Companies both small and large, need to have frequent examinations and evaluations to predict if the company is performing up to the industry’s standards and have all the required legal documentation. Audits are legal processes that inspect the company’s policies, accounts, and day-to-day operations to mitigate any kind of redundancy, resource wastage, or embezzlement.
Internal Audit vs External Audit
The main difference between an internal audit and an external audit lies in who performs such audits and the requirement the same. Internal auditors are those who work in the same organization i.e., employees of the organization whereas external auditors are those who are not related to the organization and thus are independent of it i.e., third parties. Internal audits are not compulsory whereas external audits must be compulsorily performed for every legal organization.
Difference Between An Internal Audit and An External Audit in Tabular Form
|Parameters of Comparison
|Internal audits are done within the organization by the employees of the company.
|External audits are done by some third-party entities that are independent of the organization.
|Analyze and review all the routine, day-to-day activities, and operations to provide space for suggestions and improvement.
|Review the financial condition of the organization to predict any kind of potential risks.
|Internal audits can be conducted multiple times throughout the year.
|External audits are conducted on an annual basis.
|Auditors examine the company’s business practices and the relevant risks to evaluate its efficiency.
|Auditors examine the company’s financial records and the relevant risks to evaluate its integrity and fairness of the same.
|The internal auditors are appointed by the management of the company.
|The external auditors are appointed by the stakeholders through a voting system.
|Internal audits are not necessary to be performed but are taken up voluntarily.
|External audits must compulsorily be organized for every legal entity annually.
|The internal auditors need interdisciplinary skills to perform audits.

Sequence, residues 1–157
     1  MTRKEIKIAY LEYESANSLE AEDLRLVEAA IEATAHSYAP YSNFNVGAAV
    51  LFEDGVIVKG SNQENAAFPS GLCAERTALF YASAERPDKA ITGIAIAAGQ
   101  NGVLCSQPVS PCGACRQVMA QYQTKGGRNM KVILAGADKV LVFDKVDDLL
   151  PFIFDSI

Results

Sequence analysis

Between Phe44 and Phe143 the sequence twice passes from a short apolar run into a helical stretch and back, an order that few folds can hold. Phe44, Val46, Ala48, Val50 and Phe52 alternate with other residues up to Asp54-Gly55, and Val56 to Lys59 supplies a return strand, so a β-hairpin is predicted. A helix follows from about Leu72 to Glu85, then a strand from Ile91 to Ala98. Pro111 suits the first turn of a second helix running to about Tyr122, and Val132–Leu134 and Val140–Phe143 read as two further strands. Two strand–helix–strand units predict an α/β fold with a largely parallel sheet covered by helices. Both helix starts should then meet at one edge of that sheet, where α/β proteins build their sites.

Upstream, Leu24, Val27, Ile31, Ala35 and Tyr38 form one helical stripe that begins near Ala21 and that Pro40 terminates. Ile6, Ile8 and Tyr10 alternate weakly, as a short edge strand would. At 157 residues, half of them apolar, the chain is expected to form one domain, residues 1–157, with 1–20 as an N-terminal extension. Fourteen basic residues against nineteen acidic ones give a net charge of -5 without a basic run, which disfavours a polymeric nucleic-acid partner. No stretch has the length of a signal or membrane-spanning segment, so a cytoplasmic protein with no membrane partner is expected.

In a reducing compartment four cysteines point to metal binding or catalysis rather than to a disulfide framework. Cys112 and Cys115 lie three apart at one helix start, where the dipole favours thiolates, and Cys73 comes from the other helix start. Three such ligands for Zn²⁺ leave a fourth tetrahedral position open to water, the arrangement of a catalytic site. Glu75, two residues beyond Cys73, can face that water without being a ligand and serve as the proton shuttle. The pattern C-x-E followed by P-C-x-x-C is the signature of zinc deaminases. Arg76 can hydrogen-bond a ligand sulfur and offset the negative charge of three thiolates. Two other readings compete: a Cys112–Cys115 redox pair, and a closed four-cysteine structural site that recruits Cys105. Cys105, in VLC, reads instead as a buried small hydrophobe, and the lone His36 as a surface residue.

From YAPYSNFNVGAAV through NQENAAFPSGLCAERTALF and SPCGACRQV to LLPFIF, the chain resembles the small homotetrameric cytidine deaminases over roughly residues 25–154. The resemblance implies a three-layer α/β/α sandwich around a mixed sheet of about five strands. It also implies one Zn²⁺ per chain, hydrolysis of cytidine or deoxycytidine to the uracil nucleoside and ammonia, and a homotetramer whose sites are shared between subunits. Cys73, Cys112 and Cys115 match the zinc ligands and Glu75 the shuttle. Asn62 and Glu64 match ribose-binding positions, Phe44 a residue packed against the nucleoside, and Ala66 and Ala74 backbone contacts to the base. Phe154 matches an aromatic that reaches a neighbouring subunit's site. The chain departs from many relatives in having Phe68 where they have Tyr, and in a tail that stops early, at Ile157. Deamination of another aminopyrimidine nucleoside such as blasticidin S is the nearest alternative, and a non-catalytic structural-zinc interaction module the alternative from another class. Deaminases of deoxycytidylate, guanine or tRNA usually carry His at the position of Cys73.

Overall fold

|The external auditors need expertise in accounting, finance, and taxes.
What is Internal Audit?
Internal audits are legal processes, appointed to be performed at any legal entity by the employees of the same organization, to check the efficiency and performance of the business and close any gaps to improve the same factors. These are conducted multiple times a year as required by the organization. While not necessary to be performed, internal audits assess a company's routine operations and business practices frequently to look for improvement.
Types of Internal Audits:- The types of audits available are categorized based on the range of parameters they assess and analyze in an organization.
- Operational Audit: Auditors that perform operational audits check the efficiency of the business by analyzing their operational strategies. This also evaluates the company’s reliability and also provides advice on bettering the same.
- Performance Audit: A performance auditor is appointed to ensure that the company meets certain standards set by the management, based on the closest competitors the organization deals with. These standards are set by considering the human resources, performance, and policies of the same.
- Compliance Audit: These auditors help analyze whether the company is a legal entity that lawfully complies with all the regulations and the policies that fulfill the industry standards. All the legal entities must follow the General Data Protection Regulation(GDPR) and Foreign Corrupt Practices Act(FCPA).
- Environmental Audit: As the name suggests, environmental audits are performed to check whether the organization maintains policies that promote eco-friendly environments or in turn, harm nature. Thus, the auditors must verify that the company does not violate any environmental laws when conducting its operations or even merely existing.
- IT Audit: IT auditors assess the technological infrastructure that supports the company to check whether it is up-to-date and protected appropriately against any possible risks. These IT controls can include system backup, switch management, recovery, etc.
Advantages of Conducting An Internal Audit:- Internal audits help establish a sort of an early warning system that distinguishes whether an opportunity promotes the business or rather brings it down.